MBABANE, Swaziland – King Mswati III, one of the world's last absolute monarchs, is a powerful man -- precisely because many think he isn't a man at all.
"He believes he is divine, believes he is magic," his former speechwriter, Musa Ndlangamandla, told me one evening. "And so do his people."
The paunchy young king, typically sporting a goatee and traditional Swazi garb, has made himself one of the richest royals in the world by controlling an estimated 50 percent of the economy. His Swazi kingdom is a tiny, mountainous region between South Africa and Mozambique, but there's still big business: it's home to a Coca-Cola concentrate-manufacturing plant (the company's biggest on the continent), a new iron-ore reprocessing plant, and one of the largest man-made forests in the world. Over all this lords Mswati III, but for one month a year, he has different business to attend to.
Last winter, a few weeks after I arrived in Swaziland to study traditional healers, the country shut down for the month-long witchcraft and kingship ceremony known as Incwala. The annual event is taken very seriously. Shops close, police take off work, and warriors camp outside the king's palace while he goes into seclusion to perform elaborate rites -- eating traditional herbs, dancing -- under the supervision of inyangas, or witch doctors. A month later, he emerges from Incwala invincible, cleansed from the past year, and reaffirmed of his divinity. Many Swazis call Incwala "our national prayer month" -- the deity being Mswati III.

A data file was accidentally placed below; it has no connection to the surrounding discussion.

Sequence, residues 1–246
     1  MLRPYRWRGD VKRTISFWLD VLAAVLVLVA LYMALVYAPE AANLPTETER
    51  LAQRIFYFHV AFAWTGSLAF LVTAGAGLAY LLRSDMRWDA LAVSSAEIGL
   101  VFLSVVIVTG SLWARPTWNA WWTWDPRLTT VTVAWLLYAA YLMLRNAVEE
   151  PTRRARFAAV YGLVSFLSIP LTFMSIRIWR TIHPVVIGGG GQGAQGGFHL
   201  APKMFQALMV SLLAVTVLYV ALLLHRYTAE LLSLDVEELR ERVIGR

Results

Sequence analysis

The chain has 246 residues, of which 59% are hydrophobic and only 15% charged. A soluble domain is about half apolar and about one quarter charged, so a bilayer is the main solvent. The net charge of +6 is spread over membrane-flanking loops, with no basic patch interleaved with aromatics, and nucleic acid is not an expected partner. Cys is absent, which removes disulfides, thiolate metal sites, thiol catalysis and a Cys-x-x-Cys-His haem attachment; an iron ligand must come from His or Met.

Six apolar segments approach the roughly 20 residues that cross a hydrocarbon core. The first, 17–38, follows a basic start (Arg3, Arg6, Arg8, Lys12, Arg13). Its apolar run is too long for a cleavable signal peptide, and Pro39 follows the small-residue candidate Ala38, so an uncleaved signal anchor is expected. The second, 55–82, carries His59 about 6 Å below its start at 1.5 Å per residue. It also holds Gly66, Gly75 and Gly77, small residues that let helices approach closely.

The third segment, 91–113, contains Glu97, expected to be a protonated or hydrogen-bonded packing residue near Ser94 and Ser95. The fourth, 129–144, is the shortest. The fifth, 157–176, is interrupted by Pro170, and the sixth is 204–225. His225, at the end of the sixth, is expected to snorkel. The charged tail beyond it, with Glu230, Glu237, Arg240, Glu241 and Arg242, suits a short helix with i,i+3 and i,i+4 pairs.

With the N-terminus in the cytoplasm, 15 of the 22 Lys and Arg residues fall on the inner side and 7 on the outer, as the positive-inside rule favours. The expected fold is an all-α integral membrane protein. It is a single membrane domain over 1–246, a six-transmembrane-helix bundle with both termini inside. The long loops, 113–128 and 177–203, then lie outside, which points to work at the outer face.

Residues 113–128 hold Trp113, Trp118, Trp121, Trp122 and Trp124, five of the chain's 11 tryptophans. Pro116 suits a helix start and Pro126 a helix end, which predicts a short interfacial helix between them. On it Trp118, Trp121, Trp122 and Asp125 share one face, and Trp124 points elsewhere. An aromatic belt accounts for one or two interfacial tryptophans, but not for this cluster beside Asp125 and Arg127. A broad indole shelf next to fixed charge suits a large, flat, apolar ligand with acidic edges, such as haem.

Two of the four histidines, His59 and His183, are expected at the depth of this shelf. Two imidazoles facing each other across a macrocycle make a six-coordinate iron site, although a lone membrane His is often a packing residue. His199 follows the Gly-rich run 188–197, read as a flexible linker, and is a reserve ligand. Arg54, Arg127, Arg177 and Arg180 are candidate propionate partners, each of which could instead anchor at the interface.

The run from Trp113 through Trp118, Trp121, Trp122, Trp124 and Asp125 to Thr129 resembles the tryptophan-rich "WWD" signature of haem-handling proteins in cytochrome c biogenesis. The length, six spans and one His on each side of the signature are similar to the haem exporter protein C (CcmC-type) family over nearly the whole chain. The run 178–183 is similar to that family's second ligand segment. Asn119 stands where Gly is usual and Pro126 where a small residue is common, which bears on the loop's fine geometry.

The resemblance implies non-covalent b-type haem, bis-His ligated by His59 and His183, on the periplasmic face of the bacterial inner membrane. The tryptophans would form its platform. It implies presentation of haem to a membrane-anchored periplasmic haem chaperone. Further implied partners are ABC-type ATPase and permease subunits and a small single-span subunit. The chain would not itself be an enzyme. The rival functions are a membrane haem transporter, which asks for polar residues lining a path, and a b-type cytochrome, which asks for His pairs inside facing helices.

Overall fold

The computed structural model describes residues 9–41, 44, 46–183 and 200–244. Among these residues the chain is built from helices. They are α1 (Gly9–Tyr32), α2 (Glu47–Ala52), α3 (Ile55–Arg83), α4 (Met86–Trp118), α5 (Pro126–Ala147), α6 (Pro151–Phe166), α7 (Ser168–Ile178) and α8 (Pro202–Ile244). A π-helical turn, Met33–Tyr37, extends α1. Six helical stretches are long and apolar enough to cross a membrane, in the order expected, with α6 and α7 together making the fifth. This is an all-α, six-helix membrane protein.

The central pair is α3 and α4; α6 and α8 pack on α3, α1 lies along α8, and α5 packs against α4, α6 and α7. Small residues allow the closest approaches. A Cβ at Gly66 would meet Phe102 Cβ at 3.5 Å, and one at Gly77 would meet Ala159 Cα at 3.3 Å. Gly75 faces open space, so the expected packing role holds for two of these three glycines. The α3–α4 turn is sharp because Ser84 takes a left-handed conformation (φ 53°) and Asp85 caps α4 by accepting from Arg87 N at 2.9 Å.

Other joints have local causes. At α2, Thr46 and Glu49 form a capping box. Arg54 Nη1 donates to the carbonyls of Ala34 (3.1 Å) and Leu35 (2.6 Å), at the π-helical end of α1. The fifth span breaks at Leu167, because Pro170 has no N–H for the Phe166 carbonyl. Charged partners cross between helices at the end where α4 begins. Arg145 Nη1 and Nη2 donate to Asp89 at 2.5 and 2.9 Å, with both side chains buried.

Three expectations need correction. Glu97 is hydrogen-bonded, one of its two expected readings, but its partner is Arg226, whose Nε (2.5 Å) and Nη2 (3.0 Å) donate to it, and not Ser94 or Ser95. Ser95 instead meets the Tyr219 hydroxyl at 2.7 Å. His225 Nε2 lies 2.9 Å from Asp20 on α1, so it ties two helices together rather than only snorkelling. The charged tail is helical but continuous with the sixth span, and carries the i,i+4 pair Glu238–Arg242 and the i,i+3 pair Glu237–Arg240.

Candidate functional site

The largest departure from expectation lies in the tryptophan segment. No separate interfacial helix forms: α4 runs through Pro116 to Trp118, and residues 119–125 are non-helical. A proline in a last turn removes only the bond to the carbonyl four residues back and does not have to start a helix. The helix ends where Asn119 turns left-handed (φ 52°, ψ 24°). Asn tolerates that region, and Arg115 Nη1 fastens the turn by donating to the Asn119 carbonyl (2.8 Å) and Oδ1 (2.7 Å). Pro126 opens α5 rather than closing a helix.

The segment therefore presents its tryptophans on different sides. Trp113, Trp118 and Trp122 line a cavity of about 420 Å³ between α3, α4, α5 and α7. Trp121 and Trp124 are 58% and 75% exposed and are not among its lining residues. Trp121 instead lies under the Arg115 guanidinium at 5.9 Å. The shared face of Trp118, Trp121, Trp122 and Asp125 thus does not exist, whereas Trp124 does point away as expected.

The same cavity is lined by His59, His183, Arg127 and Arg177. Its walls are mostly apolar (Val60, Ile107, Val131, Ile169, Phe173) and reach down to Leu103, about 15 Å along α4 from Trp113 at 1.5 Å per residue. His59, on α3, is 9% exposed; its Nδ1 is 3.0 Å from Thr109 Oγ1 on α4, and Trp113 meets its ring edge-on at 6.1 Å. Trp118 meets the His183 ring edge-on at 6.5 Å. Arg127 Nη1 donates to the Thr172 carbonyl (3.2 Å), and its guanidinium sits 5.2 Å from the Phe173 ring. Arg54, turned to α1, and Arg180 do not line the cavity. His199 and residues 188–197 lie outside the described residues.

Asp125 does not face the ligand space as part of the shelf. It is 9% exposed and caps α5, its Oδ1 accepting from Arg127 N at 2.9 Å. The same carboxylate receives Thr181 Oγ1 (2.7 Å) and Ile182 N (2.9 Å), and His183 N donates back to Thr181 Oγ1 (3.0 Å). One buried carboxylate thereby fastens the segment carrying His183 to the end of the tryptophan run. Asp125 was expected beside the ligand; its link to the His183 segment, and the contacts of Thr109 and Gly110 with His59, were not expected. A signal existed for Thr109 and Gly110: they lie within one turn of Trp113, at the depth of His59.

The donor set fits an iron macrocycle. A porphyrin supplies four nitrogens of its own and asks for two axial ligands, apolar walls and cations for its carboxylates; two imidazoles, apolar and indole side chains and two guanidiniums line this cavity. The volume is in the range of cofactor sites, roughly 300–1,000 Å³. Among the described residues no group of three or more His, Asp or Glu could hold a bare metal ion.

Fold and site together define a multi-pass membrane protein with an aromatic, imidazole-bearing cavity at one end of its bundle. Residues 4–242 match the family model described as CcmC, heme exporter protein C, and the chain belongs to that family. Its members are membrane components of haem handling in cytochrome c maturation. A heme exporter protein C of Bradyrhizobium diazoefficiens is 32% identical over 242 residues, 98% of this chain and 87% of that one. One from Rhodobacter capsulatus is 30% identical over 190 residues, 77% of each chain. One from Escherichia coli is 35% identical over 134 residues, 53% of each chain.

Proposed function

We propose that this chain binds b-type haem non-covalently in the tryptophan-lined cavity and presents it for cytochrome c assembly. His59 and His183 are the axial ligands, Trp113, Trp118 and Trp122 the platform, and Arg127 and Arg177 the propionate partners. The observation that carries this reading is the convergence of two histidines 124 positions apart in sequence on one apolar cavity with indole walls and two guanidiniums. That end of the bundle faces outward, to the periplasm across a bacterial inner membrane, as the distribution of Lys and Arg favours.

Some people -- including U.S. diplomats and even the king's former speechwriter -- are beginning to suggest that King Mswati's belief in his own divinity blurs his vision. In a 2010 cable obtained by WikiLeaks, the U.S. embassy in Swaziland, citing a local businessman, described the king as "imbalanced" and heavily influenced by "witchcraft."
While traditional culture ought to be celebrated, the stakes of Mswati's mental balance are high. For Swazi women ages 30 to 34, the HIV rate is 54 percent, the highest in the world. Life expectancy fell from 61 years in 2000 to 32 years in 2009.
Belief in his own divinity may allow Mswati to disconnect himself from these realities. In April of last year, he stirred anger by demanding cows and presents from his impoverished subjects to accompany government funding for his $652,000 40th birthday party (70 percent of the country lives on less than two dollars a day, and yet the royals are wealthy enough to skew World Bank statistics, making it seem a lot less bad.) In May, he flew to England for the Queen's Diamond Jubilee and let one of his 13 wives spend $60,000 at a South African hotel. Such decadence shouldn't be significant, but it becomes so when such a tiny and ailing populace must shoulder it. Later that month, the International Monetary Fund pulled an advisory team out of the country because it did not have faith in the government's commitment to rein in spending (not surprising when the government spends 17 percent of its budget on unnecessary security, funds lavish royal birthday parties, and then asks for loans).
"The rest of the world keeps saying we should have democracy, and we agree," Vusie Majola, who runs a nonprofit, said. "But what they don't understand is that the king, he can point a stick at you and you die. We are dealing with someone whose power the world can't understand."
Swazis fear the king and fervently believe in his power. Their reverence for Mswati is, to a foreigner, jarring.